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Evaluation of 11C-acetate and 18F-FDG PET/CT in mouse multidrug resistance gene-2 deficient mouse model of hepatocellular carcinoma.

Territo PR, Maluccio M, Riley AA, McCarthy BP, Fletcher J, Tann M, Saxena R, Skill NJ - BMC Med Imaging (2015)

Bottom Line: This was accompanied by a significant decrease in serum cAMP levels and an increase in hepatic TNFα.In patients suspected of HCC recurrence there were 5 true positives, 2 true negatives and 1 suspected false 11C-acetate negative.Consequently 11C-acetate PET/CT is well suited to study (1) HCC emergence/progression in patients and (2) reduce animal numbers required to study new chemotherapeutics in murine models of HCC.

View Article: PubMed Central - PubMed

Affiliation: Department of Surgery, Radiology and Imaging Sciences, Indianapolis, IN, 46202, USA. pterrito@iupui.edu.

ABSTRACT

Background: Hepatocellular carcinoma (HCC) remains a global health problem with unique diagnostic and therapeutic challenges, including difficulties in identifying the highest risk patients. Previous work from our lab has established the murine multidrug resistance-2 mouse (MDR2) model of HCC as a reasonable preclinical model that parallels the changes seen in human inflammatory associated HCC. The purpose of this study is to evaluate modalities of PET/CT in MDR2(-/-) mice in order to facilitate therapeutic translational studies from bench to bedside.

Methods: 18F-FDG and 11C-acetate PET/CT was performed on 12 m MDR2(-/-) mice (n = 3/tracer) with HCC and 12 m MDR2(-/+) control mice (n = 3/tracer) without HCC. To compare PET/CT to biological markers of HCC and cellular function, serum alpha-fetoprotein (AFP), lysophosphatidic acid (LPA), cAMP and hepatic tumor necrosis factor α (TNFα) were quantified in 3-12 m MDR2(-/-) (n = 10) mice using commercially available ELISA analysis. To translate results in mice to patients 11C-acetate PET/CT was also performed in 8 patents suspected of HCC recurrence following treatment and currently on the liver transplant wait list.

Results: Hepatic18F-FDG metabolism was not significantly increased in MDR2(-/-) mice. In contrast, hepatic 11C-acetate metabolism was significantly elevated in MDR2(-/-) mice when compared to MDR2(-/+) controls. Serum AFP and LPA levels increased in MDR2(-/-) mice contemporaneous with the emergence of HCC. This was accompanied by a significant decrease in serum cAMP levels and an increase in hepatic TNFα. In patients suspected of HCC recurrence there were 5 true positives, 2 true negatives and 1 suspected false 11C-acetate negative.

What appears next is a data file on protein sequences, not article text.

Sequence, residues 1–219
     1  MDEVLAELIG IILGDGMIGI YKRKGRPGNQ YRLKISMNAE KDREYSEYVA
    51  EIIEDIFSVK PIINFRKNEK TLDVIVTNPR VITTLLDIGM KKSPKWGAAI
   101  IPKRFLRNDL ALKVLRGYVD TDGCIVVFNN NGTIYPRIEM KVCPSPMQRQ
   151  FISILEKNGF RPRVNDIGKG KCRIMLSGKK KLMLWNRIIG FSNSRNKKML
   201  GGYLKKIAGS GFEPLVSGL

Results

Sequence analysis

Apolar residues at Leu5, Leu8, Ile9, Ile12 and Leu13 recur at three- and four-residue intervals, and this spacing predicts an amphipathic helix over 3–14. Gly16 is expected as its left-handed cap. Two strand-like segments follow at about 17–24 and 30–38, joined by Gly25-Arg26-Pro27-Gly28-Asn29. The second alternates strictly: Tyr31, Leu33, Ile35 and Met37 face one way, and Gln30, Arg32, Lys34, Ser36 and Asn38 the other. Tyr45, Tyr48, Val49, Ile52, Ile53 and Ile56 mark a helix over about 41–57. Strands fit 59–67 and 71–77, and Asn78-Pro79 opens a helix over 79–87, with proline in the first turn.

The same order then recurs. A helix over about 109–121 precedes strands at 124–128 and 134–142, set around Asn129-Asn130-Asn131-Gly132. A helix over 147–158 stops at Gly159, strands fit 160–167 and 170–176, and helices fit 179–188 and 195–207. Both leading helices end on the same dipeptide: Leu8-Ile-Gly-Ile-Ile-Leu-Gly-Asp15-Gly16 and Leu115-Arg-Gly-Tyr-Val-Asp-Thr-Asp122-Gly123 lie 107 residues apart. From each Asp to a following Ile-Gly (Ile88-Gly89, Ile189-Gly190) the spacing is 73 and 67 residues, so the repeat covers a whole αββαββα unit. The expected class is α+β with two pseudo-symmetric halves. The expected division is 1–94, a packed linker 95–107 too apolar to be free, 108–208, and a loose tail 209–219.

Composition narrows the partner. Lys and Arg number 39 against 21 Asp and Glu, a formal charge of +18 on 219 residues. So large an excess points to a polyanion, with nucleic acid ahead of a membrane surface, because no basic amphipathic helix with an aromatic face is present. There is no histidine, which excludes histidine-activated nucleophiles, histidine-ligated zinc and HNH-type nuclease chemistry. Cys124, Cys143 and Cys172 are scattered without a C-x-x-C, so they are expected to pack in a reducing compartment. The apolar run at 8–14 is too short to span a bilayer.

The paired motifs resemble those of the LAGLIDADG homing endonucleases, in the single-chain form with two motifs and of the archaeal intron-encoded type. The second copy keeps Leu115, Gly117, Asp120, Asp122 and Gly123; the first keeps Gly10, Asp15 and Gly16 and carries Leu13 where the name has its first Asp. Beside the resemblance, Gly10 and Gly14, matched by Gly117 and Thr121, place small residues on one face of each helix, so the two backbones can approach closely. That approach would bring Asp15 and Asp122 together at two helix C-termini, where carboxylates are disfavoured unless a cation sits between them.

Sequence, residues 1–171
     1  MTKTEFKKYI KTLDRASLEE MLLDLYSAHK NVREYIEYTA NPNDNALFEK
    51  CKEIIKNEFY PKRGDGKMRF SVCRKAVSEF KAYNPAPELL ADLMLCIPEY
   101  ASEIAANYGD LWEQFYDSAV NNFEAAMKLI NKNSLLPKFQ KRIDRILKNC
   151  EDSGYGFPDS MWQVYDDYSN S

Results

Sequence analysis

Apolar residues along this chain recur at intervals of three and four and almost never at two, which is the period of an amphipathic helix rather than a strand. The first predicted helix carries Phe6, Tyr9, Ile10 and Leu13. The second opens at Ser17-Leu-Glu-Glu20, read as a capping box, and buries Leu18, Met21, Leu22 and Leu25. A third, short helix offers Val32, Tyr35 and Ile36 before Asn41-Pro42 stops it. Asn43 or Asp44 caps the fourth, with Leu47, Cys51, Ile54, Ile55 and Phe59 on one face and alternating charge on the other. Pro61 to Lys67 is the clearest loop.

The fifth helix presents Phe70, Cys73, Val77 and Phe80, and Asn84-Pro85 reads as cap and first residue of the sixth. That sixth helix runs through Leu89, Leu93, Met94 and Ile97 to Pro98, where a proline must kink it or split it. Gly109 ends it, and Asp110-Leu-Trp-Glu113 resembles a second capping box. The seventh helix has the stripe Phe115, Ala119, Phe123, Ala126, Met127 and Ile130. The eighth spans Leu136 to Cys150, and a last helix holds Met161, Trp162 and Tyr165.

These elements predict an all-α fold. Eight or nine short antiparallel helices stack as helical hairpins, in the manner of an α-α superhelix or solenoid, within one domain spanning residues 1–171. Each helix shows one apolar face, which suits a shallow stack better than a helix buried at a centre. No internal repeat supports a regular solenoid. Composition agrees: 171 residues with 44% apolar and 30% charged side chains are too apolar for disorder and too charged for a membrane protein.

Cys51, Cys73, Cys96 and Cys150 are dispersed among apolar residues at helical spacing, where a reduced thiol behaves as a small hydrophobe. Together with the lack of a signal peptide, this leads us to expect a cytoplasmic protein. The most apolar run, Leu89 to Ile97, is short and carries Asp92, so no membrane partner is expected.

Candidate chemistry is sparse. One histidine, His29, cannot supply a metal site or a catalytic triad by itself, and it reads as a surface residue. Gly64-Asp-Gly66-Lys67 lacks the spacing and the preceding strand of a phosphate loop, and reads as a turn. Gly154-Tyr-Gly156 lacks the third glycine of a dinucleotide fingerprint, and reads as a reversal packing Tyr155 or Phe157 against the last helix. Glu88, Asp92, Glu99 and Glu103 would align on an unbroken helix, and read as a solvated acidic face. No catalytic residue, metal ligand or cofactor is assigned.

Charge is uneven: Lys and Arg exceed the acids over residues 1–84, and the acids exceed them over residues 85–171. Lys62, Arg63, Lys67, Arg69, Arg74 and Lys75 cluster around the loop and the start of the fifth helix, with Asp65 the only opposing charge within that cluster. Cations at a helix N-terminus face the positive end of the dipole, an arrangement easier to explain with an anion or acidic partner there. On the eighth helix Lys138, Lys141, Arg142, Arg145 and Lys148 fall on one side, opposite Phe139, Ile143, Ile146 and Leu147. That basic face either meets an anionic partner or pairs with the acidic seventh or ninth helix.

Conclusions: Hepatic 11C-acetate PET/CT tracks well with HCC in MDR2(-/-) mice and patients with underlying liver disease. Consequently 11C-acetate PET/CT is well suited to study (1) HCC emergence/progression in patients and (2) reduce animal numbers required to study new chemotherapeutics in murine models of HCC.

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11C-acetate PET/CT imaging of MDR2−/−, MDR2−/+ and FVB wild type mice. 11C-acetate PET/CT imaging was performed on 12 mo MDR2−/− and FVB control mice. a) Representative 11C-acetate PET/CT parametric (ml/g.min) images of MDR2−/− mouse. b) Representative 11C-acetate PET/CT parametric (ml/g.min) images of FVB control mouse. c) Hepatic 11C-acetate metabolic rate was significantly greater in MDR2−/− mouse when compared to controls (student’s t test p < 0.05, n = 3/group)
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Fig4: 11C-acetate PET/CT imaging of MDR2−/−, MDR2−/+ and FVB wild type mice. 11C-acetate PET/CT imaging was performed on 12 mo MDR2−/− and FVB control mice. a) Representative 11C-acetate PET/CT parametric (ml/g.min) images of MDR2−/− mouse. b) Representative 11C-acetate PET/CT parametric (ml/g.min) images of FVB control mouse. c) Hepatic 11C-acetate metabolic rate was significantly greater in MDR2−/− mouse when compared to controls (student’s t test p < 0.05, n = 3/group)

Mentions: Elevated substrate level oxidative phosphorylations, in the absence of glycolytic contributions, have been reported in clinical HCC [37–40]. To monitor substrate level oxidative phosphorylation in HCC, dynamic 11C-acetate PET/CT scans were conducted on MDR2−/− and control mice. Hepatic 11C-acetate metabolic rates were statistically higher in MDR2−/− (0.62 ± 0.04 ml/g.min) mice when compared to wild-type control mice (0.49 ± 0.02 ml/g.min, p = 0.039, n = 3/group) (see Fig. 4a-c), and no differences were observed between MDR2−/+ and FVB control (p > 0.05).Fig. 4